Joshua challenges the Israelites to make a decision that will forever affect their future. Will you continue to abide in God’s presence and serve him, or will you choose to dwell in another god’s tent? He admonishes them to remember all that God has done for them in the past and say in essence, “The evidence is clear. For me and my family, we choose to abide in God’s presence as we step into whatever the future holds.” To abide in God’s presence is to see our past experiences of God as a treasure trove of research to help us make future life decisions.
Lord, help me to see my past experiences of you as guideposts to navigate the decisions in the future. AMEN.
In life we all pick up habits—some are life-giving and some are not. Engaging in the habit of regular exercise will allow us to participate more fully in the events of each day, whereas binge-watching Netflix will probably detract from meaningfully participating in the events of the day. For better or worse, the habits we embrace will eventually cease to be something we are learning to do and will become a part of who we are.
Part of choosing to abide in God’s presence is taking seriously the habit of participating in the eucharist. For those who seek to follow Jesus, the regular habit of participating in communion is a means by which the life of Christ mysteriously takes root in us. “Anyone who eats my flesh and drinks my blood remains in me and I remain in them,” Jesus says (v. 56). Receiving the eucharist is choosing to allow God’s presence to deeply abide in us.
Heavenly Father, grant me the courage to embrace spiritual habits that are life-giving and help me to better experience your presence in my life each and every day. AMEN.
Time to Decide
Our family has moved across the country several times. Each move was a decision to leave the security of life as we knew it. The decision to move has never been easy, but God has faithfully walked with us each time. In today’s passage Jesus asks the crowd who has been following him to make a decision about who he is and whether or not they will continue to follow him. For some of them, deciding to follow Jesus was too much and they walked away. For the 12 who remained, they entered into the reality that abiding in God’s presence was now all about living in relationship with Jesus. God had put on human flesh and took up residence with us.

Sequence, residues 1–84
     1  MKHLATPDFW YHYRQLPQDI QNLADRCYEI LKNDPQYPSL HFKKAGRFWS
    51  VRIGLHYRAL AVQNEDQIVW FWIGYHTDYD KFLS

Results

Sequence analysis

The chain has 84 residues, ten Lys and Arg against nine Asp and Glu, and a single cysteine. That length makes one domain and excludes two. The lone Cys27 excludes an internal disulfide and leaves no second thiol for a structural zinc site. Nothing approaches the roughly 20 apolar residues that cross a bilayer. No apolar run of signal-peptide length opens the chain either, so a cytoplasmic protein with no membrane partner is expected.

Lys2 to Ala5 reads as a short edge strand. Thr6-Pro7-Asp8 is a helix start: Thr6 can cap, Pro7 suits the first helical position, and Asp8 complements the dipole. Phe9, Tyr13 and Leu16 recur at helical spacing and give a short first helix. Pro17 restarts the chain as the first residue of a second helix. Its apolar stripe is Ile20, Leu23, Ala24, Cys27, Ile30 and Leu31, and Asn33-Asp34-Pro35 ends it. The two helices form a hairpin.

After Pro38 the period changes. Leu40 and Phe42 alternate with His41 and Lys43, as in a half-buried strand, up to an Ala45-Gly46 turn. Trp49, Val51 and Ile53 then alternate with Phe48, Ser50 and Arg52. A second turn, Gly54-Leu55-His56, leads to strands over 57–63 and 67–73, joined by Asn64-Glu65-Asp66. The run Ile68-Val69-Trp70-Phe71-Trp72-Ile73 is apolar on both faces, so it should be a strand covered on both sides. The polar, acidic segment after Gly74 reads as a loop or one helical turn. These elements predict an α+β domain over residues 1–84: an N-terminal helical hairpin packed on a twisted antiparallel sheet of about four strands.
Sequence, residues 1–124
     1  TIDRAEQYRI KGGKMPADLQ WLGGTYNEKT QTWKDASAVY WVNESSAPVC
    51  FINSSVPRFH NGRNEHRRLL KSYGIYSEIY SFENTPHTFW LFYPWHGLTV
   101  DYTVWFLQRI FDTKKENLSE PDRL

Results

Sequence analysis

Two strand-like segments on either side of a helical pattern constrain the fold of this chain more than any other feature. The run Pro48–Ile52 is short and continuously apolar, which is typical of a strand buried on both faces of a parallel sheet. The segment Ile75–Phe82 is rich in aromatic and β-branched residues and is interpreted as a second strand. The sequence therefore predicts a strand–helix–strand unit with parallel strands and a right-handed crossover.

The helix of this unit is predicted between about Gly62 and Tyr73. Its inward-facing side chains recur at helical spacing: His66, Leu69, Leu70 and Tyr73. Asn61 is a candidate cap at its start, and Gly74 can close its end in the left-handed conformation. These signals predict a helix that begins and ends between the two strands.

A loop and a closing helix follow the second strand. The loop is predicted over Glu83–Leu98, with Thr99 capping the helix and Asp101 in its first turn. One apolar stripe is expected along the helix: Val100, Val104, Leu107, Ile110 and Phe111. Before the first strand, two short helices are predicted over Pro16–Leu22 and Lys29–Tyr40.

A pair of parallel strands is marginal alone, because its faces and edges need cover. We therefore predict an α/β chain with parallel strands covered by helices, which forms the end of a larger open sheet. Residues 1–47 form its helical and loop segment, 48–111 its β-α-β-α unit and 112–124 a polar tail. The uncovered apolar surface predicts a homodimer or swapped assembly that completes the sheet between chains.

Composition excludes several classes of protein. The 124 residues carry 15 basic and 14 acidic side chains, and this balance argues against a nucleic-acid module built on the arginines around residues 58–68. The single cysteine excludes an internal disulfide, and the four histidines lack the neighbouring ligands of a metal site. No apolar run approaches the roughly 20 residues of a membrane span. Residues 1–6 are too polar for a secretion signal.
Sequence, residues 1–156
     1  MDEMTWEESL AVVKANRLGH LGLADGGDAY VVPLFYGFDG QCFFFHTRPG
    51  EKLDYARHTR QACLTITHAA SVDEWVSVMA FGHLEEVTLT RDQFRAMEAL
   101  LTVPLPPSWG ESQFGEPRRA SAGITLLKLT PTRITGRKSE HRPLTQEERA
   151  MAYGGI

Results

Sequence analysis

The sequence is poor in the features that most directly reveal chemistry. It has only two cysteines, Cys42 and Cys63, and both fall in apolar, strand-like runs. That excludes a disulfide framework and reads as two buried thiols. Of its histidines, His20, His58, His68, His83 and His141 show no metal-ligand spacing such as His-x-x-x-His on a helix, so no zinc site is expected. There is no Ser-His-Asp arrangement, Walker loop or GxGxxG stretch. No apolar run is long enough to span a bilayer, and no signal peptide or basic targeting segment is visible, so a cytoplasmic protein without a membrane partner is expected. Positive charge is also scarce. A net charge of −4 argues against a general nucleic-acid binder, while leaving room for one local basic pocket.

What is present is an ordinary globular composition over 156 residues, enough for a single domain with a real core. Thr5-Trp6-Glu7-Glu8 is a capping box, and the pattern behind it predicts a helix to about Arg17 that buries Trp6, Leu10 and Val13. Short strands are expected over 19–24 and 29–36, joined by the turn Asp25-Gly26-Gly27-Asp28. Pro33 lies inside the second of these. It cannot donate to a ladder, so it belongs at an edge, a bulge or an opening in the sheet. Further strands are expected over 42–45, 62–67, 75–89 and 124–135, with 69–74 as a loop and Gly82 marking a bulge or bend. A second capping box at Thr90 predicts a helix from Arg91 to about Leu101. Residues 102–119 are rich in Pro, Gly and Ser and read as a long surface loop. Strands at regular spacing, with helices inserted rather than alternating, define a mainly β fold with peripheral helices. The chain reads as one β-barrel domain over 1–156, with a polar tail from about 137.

Friends, Jesus is still asking you and me the same question he asked his disciples that day: “Are you going to follow me?” Abiding in God’s presence sometimes means deciding to let go of what is comfortable and embracing the unknown reality of where God is leading.
Lord, give me the strength to trust and abide in your presence wherever you lead me. Even if it means letting go of security of life as I know it. AMEN.
He Knows My Voice
As a father of four boys, I hear the unique nuances of their voices deep within me. When they call out my name, I intuitively know who it is who needs my attention. If I detect pain or distress in their voice, my heart flips in my chest and I go running to find them. When they struggle my first instinct is to reach out to pull them close and make sure they know I am there. My boys are a part of me, and I am a part of them. It is the same for our relationship with God. Choosing to spend our days abiding in God’s presence does not mean we will not encounter seasons of struggle or situations that cause great pain. What it does mean is that when we struggle, we can rest assured that God knows the voices of his children. When God senses the distress in our voice, he is quick to come close and enfold us in the refuge that is his presence.
Lord, thank you that you know my voice and that I can rest assured that you faithfully walk with me all the days of my life. AMEN.